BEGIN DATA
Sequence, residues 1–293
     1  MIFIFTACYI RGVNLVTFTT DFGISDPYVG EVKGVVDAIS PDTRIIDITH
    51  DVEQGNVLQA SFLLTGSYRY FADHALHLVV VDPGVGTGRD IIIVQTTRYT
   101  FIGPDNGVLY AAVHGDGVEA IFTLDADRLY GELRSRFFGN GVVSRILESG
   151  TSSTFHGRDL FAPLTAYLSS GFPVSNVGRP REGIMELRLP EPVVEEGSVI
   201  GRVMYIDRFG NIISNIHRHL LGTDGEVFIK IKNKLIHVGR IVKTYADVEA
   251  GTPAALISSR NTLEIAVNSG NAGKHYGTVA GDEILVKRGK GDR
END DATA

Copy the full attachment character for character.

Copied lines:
Sequence, residues 1–293
     1  MIFIFTACYI RGVNLVTFTT DFGISDPYVG EVKGVVDAIS PDTRIIDITH
    51  DVEQGNVLQA SFLLTGSYRY FADHALHLVV VDPGVGTGRD IIIVQTTRYT
   101  FIGPDNGVLY AAVHGDGVEA IFTLDADRLY GELRSRFFGN GVVSRILESG
   151  TSSTFHGRDL FAPLTAYLSS GFPVSNVGRP REGIMELRLP EPVVEEGSVI
   201  GRVMYIDRFG NIISNIHRHL LGTDGEVFIK IKNKLIHVGR IVKTYADVEA
   251  GTPAALISSR NTLEIAVNSG NAGKHYGTVA GDEILVKRGK GDR